Overall Equipment Efficiency (OEE)
Written by Jo Oliphant
Manager, Continuous Feed Europe
When thinking about your business, if you ask yourself the question “how efficient is my business?”, what response would you give? There’s a reasonable chance it falls into one of three (or maybe four) categories…:
- Its XX% efficient, and we’re on a track to drive that to XX% over the coming months by doing X, Y and Z
- I need to ask the Production Manager
- What do you mean by how efficient?
- 100% efficient, as always (this was the 4th one and I have heard it played back to me countless times…)
There’s a relatively simple way of expressing the efficiency of the business, and that’s by looking at the total time available per year and then dividing into it the actual production hours.
If we step down a notch from a complete business and perhaps look at something like a printing press, then we can get a little closer to how this works. The entire years availability is 365 days (leap years excluded) or 8,760 hours. Take a print shop where the shop is open from 7am to 7pm, 5 days per week, or 60 hours. Take that over 52 weeks and we get 3,120 hours of possible availability. If the press was 100% efficient, then the Overall Equipment Efficiency, (OEE) value would be 35.6%.
Most printing presses I know need some time each day for operator maintenance, loading paper, changing plates, submitting new jobs and various other tasks. Occasionally a press will need some down time for maintenance too – so even the 35.6% is optimistic! In fact, one of the biggest impacts to the OEE value is the unexpected catastrophic stop, mostly because it’s just that…unexpected.
If you think about this further, it becomes pretty much impossible to hit 100% efficiency unless you have a machine that never misses a beat, and well, they’re fairly rare because invariably humans are involved and aren’t quite so efficient. That said, it is possible through a variety of techniques to improve the OEE of your business. And while we can’t prevent the unexpected stops from happening, we can begin to anticipate when they might happen and maybe reduce the somewhat large troughs in productivity that can and do occur (and usually at the wrong moment).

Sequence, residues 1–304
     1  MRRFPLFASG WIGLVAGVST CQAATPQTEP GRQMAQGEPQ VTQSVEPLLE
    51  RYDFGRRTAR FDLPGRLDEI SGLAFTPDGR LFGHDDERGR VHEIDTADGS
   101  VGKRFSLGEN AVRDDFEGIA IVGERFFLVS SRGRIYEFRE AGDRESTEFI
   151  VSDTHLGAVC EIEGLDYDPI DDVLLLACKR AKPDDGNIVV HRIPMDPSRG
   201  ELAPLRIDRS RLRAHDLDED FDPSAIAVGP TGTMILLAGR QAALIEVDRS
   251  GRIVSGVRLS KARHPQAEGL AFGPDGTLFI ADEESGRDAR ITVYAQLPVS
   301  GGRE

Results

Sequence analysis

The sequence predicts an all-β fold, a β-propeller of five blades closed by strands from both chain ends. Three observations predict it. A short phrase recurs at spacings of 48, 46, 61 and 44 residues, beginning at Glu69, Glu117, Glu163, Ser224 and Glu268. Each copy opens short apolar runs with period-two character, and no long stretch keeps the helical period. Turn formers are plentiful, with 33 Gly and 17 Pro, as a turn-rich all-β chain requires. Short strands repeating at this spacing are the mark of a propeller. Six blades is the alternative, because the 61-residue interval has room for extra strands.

Now you’re probably thinking, “is that possible?” So, let’s take a situation that might occur in a print shop; think of a press running, the operator hears an unusual noise coming from the machine and it continues to run without any defects to the prints themselves. The noise isn’t so severe that it sounds like the equipment is in its death throws, meaning the operator is presented with three courses of action:
- Do nothing
- Call for maintenance
- Note where the noise was, when it occurred, what jobs were running at the time and tell the service engineer the next time he visits.
Which one do you think has the least impact on productivity?
Of course it’s the last one, because we don’t want to take the press out of production unless we really have to, however, we do want the service engineer to proactively inspect that area in an attempt to anticipate the failure. It could even be that the engineer knows what is going to fail, but doesn’t actually replace it at this service event while proactively ordering a component to replace at the next visit.
Coming back to my original question:
“How efficient is your business”? Are you interested in understanding how it might be improved?
We just might have some answers for you…
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